By Alexander Marrow
(Reuters) - Russian authorities are working on a draft presidential decree to give the country's retail investors a way to unblock their frozen assets held in overseas accounts and sell them to foreign parties, the central bank said on Wednesday.
International sanctions against Moscow over its invasion of Ukraine have blocked many Russian investors' access to securities held in jurisdictions outside the country, while Russian countermeasures have frozen Western funds within.
The central bank said the volume of assets "unblocked" would initially be limited and primarily aimed at retail investors, the bulk of whose investments in securities are held with Russian brokers at foreign accounting institutions.
It was not yet clear whether European clearing houses Euroclear and Clearstream, or financial regulators in Europe, would reciprocate. Euroclear and Clearstream did not respond to requests for comment.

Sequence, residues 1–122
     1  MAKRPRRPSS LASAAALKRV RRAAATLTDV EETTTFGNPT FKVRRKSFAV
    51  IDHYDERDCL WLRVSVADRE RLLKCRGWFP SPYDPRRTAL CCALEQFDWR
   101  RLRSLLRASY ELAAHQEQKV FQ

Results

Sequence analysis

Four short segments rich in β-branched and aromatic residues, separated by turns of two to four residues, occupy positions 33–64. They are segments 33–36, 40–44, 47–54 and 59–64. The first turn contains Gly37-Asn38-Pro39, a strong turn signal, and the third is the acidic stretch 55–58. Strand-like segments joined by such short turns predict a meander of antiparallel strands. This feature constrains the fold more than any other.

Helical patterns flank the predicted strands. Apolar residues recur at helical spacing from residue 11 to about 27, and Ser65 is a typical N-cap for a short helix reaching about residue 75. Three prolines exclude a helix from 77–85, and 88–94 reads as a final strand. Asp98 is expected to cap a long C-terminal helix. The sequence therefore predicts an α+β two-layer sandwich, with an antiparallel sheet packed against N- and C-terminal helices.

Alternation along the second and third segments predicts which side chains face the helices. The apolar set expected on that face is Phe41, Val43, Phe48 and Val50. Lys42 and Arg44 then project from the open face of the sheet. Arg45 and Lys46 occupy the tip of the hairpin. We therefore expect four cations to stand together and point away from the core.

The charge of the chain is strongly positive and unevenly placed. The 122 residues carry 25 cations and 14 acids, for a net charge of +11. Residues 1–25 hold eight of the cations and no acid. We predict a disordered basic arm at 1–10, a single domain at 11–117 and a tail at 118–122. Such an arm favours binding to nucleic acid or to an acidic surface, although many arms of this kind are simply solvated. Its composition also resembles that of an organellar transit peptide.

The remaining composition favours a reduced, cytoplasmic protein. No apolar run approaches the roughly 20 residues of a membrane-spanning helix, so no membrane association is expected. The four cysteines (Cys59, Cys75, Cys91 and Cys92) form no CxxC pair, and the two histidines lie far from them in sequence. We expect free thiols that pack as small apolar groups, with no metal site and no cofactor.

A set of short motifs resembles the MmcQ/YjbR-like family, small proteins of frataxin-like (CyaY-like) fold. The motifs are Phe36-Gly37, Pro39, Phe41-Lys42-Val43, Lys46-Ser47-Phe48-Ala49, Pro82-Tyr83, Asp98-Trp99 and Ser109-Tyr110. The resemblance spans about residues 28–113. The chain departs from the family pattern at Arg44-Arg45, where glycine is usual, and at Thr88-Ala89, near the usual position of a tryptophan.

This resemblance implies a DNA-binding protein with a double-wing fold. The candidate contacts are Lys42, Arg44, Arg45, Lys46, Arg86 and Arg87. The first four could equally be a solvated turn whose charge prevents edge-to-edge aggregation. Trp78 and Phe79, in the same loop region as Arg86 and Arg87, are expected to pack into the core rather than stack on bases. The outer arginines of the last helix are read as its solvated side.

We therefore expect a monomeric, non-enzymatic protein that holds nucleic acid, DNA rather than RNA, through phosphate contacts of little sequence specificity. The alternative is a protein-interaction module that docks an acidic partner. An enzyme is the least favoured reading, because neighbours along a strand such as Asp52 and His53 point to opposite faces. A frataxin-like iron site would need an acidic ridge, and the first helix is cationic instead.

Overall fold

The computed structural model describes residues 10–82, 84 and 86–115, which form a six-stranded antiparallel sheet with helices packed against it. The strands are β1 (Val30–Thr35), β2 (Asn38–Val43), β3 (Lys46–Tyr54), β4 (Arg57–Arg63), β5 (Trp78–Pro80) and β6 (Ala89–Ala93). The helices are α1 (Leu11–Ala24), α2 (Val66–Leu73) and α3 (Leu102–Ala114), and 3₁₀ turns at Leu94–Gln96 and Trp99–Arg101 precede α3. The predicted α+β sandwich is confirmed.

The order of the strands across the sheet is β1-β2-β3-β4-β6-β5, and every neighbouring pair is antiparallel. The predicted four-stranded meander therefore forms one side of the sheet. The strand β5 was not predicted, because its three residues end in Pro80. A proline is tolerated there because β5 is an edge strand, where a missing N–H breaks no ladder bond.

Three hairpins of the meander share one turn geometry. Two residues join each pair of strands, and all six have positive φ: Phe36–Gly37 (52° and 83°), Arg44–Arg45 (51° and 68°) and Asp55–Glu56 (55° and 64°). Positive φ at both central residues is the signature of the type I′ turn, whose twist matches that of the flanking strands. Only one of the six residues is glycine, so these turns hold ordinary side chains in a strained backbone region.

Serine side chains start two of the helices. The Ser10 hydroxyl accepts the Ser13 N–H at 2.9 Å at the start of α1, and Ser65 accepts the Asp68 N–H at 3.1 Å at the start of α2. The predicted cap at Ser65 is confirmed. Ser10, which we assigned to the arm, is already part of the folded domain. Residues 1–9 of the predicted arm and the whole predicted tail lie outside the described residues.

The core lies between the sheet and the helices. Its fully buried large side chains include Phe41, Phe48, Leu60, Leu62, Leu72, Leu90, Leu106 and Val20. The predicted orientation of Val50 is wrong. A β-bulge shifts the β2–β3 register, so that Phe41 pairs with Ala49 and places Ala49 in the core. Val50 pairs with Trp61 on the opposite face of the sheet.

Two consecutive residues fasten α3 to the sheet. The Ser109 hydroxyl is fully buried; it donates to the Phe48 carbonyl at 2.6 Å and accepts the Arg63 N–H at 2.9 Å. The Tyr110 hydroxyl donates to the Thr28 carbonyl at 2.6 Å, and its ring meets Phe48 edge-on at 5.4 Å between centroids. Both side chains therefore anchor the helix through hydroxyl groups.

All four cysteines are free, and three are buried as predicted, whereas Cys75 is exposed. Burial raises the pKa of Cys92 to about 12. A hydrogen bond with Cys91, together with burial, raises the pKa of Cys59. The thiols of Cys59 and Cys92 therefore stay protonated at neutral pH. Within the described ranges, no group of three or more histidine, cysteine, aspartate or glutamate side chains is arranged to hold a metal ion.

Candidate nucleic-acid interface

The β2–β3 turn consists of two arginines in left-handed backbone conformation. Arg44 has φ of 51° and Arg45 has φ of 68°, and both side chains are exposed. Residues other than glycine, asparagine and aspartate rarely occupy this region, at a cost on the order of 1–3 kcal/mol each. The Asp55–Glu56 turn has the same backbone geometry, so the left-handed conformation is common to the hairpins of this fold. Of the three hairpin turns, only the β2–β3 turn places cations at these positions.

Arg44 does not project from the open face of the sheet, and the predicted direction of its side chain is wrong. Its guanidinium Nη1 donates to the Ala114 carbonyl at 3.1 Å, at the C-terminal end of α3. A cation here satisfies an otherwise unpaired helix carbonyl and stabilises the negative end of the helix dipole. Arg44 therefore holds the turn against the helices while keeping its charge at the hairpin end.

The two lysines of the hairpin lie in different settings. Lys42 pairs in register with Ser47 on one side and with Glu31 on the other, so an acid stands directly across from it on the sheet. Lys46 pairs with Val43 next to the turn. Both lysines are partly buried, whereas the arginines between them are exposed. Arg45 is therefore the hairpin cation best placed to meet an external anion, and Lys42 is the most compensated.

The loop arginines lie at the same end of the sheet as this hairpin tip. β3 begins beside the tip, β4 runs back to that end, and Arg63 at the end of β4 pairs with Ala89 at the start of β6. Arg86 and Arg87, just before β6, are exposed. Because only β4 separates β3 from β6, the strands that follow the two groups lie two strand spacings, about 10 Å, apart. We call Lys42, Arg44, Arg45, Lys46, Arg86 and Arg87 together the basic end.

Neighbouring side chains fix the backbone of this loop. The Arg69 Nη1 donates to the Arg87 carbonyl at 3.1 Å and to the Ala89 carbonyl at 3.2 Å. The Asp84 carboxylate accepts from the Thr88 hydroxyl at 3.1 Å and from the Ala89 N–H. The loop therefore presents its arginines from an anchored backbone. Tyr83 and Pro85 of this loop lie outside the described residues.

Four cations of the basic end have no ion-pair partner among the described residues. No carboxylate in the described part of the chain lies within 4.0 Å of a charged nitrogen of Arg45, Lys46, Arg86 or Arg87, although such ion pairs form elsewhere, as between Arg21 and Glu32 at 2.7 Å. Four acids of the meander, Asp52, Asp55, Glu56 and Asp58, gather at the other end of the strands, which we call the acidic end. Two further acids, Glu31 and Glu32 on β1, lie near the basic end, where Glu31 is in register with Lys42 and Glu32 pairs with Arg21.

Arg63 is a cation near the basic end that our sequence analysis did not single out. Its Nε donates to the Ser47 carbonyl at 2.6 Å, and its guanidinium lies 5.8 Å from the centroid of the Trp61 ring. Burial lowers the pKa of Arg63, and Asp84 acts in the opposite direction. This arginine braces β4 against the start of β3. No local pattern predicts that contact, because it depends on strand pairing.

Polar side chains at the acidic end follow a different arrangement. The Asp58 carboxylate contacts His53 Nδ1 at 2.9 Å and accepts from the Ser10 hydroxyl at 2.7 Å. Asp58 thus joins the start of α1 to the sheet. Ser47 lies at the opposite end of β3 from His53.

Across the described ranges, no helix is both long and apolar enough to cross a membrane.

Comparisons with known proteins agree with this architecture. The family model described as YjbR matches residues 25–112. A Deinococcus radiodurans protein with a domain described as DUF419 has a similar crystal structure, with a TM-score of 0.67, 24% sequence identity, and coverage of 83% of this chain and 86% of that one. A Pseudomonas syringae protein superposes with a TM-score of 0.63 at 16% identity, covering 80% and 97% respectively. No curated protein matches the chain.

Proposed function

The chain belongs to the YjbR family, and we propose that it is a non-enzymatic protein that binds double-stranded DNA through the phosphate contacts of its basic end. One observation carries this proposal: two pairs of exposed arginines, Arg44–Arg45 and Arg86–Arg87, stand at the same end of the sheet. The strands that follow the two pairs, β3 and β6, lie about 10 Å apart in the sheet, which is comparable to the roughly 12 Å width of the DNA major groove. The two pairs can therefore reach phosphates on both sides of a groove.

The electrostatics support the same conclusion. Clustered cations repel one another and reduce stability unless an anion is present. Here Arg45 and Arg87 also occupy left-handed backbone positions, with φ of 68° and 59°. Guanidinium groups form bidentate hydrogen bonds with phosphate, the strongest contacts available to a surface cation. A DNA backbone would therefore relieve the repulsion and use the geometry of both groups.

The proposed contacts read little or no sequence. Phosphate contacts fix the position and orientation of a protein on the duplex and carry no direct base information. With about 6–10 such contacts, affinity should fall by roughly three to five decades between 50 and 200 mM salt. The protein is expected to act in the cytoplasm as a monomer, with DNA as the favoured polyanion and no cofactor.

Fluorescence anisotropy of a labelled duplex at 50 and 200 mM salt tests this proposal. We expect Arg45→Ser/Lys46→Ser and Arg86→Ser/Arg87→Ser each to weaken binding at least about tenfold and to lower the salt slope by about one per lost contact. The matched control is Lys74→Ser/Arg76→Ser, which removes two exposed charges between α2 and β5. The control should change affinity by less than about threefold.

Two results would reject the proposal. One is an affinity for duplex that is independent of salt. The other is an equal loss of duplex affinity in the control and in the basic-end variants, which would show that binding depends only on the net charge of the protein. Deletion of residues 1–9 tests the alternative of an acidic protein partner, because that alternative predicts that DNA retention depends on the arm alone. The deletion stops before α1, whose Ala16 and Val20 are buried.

"Interested foreign investors would be given the opportunity to buy 'blocked' foreign securities from Russian investors in exchange for funds held in type-C accounts," the central bank said.
"The participation of investors (both Russian and foreign) in this process will be voluntary."
Finance Minister Anton Siluanov on Tuesday asked President Vladimir Putin to support the plans, starting with the unblocking of about 100 billion roubles ($1.06 billion) in frozen funds belonging to retail investors.
He said more than 3.5 million Russian citizens currently owned blocked assets amounting to 1.5 trillion roubles ($15.96 billion).
"All these considerations will only make sense if foreign investors (in sufficient numbers) agree to the Russian authorities' conditions and Western politicians/regulators do not obstruct it," said Dmitry Polevoy, head of investment at Locko-Invest.
"From an economic point of view, such a proposal makes sense as many Western investors/funds have completely written off their holdings in Russian assets, and the return of some part of them makes sense."
($1 = 93.9925 roubles)
(Reporting by Alexander Marrow; Editing by Devika Syamnath)